BUSINESS

Fast Remonetisation, Cut In Tax Rates To Accelerate Growth: Economic Survey 2017

"These actions would allow growth to return to trend in 2017-18, possibly making it the fastest-growing major economy in the world."

31/01/2017 2:44 PM IST | Updated 31/01/2017 3:12 PM IST
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NEW DELHI -- The Economic Survey 2016-17 has advocated fast remonetisation, a cut in tax rates and stamp duties and reining in over-zealous tax administration to make India the world's fastest growing major economy again.

The survey, tabled in Parliament by Finance Minister Arun Jaitley, said demonetisation has had short-term costs but holds the potential for long-term benefits. But it would require follow-up actions to minimise the costs and maximise the benefits.

"These actions would allow growth to return to trend in 2017-18, possibly making it the fastest-growing major economy in the world, following a temporary dip in 2016-17," the survey stated.

The survey said 2016-17 was marked by two major domestic policy developments - the passage of the Constitutional Amendment, paving the way for implementing the Goods and Services Tax (GST), and the action to demonetise the two highest denomination notes.

"The GST will create a common Indian market, improve tax compliance and governance, and boost investment and growth; it is also a bold new experiment in the governance of India's cooperative federalism," the survey added.

The survey also stated that the year also saw a number of legislative accomplishments in the country, that included the government overhauling the bankruptcy laws so that the "exit" problem that pervades the Indian economy can be addressed effectively and expeditiously.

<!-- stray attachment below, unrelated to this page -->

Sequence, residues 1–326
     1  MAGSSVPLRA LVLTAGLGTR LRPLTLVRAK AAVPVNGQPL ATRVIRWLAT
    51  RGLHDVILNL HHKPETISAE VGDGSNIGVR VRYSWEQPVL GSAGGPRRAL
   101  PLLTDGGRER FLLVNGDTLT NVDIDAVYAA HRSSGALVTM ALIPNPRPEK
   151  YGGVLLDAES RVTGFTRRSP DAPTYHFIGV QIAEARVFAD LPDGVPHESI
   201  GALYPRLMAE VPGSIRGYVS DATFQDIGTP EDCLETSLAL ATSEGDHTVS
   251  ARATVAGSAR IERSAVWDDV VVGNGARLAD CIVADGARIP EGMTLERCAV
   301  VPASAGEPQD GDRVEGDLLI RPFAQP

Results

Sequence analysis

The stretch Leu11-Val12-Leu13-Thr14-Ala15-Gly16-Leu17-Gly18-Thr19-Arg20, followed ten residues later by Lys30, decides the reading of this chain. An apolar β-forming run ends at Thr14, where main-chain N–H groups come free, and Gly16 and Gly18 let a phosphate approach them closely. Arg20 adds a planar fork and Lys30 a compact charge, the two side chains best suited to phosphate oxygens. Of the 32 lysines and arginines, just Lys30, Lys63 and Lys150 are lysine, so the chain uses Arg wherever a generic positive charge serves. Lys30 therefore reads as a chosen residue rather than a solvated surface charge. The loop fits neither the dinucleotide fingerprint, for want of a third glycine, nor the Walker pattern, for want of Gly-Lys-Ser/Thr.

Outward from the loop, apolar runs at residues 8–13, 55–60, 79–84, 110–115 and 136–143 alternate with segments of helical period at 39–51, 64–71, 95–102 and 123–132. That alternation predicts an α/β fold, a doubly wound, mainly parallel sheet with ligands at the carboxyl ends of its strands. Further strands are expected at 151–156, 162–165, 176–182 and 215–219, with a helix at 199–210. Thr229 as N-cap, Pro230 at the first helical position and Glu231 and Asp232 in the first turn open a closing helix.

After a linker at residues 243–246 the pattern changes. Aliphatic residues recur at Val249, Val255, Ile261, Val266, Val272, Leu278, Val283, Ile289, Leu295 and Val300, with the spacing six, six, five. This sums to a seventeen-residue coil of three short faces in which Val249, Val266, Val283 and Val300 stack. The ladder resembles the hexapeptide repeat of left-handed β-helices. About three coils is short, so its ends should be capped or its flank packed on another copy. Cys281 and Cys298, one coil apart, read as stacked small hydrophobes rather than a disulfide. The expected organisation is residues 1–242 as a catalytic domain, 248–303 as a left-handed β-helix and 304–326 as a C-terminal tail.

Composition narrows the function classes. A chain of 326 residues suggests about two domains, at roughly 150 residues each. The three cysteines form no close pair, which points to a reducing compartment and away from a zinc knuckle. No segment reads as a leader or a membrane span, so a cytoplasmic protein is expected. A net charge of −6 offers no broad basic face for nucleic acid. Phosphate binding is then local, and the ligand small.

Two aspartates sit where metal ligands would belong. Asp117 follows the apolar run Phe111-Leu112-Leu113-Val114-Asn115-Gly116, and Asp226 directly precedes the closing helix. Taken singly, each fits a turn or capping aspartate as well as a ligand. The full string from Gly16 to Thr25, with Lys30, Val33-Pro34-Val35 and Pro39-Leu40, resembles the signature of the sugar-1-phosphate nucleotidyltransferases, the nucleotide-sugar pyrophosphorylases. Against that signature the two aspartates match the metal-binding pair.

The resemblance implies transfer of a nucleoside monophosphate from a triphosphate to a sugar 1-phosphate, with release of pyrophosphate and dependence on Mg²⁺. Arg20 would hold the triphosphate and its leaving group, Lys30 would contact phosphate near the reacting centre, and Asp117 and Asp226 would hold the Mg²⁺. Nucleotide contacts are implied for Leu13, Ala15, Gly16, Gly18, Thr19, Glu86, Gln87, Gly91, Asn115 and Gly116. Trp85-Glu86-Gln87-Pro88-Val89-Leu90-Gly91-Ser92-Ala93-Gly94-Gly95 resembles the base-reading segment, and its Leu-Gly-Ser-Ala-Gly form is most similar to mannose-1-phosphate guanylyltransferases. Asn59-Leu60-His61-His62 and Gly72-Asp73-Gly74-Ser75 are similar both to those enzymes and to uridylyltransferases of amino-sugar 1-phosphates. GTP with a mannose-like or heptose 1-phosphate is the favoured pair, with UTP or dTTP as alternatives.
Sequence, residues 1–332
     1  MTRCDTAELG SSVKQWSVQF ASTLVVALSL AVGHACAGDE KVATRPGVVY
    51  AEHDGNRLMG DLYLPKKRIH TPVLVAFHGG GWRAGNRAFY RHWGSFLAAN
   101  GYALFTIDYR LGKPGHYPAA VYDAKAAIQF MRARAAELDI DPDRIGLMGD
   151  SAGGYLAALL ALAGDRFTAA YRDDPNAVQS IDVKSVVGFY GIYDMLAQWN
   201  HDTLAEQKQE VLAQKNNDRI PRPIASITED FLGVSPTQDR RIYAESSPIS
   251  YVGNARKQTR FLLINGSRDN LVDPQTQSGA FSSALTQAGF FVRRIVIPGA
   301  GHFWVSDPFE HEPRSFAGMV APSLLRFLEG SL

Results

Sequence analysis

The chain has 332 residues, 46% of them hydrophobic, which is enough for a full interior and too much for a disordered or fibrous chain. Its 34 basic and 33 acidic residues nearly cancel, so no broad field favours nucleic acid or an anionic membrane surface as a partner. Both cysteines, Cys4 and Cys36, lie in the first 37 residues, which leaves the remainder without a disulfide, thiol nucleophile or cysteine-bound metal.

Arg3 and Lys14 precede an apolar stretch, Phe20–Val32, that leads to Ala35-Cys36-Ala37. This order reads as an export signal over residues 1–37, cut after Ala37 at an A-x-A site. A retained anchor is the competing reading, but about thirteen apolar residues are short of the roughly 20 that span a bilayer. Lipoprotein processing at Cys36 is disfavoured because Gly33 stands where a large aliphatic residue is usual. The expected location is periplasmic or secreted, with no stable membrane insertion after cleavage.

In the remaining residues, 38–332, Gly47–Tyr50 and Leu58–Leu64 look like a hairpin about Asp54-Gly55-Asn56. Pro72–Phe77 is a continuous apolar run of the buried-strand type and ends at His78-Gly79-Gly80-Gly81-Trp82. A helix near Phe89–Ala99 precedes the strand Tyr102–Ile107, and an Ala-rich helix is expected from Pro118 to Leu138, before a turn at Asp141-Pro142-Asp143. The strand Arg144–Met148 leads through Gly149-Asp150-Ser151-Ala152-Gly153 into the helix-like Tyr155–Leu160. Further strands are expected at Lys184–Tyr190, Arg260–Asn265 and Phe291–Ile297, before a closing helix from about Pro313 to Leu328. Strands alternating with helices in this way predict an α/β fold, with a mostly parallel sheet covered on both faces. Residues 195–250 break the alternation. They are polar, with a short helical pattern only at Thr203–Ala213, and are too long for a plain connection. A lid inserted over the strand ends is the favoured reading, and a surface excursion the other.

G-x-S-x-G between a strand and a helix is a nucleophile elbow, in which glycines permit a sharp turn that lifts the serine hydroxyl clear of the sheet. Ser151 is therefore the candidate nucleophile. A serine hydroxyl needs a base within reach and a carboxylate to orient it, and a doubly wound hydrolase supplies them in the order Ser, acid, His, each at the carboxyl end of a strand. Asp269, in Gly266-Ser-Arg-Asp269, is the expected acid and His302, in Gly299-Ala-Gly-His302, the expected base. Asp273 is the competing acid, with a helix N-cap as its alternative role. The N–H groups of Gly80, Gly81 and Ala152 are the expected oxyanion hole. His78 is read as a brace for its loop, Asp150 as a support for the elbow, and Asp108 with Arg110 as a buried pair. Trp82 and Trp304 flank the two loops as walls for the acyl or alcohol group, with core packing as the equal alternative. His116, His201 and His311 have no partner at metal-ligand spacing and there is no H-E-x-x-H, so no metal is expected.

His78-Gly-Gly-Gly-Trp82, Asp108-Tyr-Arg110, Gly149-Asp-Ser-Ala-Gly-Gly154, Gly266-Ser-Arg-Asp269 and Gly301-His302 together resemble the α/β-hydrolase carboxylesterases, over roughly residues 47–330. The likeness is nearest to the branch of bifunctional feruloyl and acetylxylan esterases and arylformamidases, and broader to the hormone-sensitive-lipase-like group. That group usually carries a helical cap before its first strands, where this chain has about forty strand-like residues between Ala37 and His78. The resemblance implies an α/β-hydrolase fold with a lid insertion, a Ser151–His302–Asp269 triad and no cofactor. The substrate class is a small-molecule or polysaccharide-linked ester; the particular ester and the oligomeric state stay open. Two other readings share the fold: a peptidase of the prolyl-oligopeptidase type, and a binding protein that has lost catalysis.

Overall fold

Besides this, the government also codified the institutional arrangements on monetary policy with the Reserve Bank of India and solidified the legal basis for Aadhaar, to realise the long-term gains from the Jan Dhan-Aadhaar-Mobile trifecta.

The survey stated the major short term macro-economic challenge is to re-establish private investment and exports as the major drivers of growth and reduce reliance on government and private consumption.

"Addressing the twin balance-sheet problem - over-indebted corporates and bad-loan-encumbered public sector banks - a legacy of the years surrounding the global financial crisis will be vital," it said.

The survey said for future growth societal shifts at the level of ideas and narratives will be needed to overcome three long-standing meta-challenges - inefficient redistribution, ambivalence about the private sector and property rights, and improving but still-challenged state capacity.

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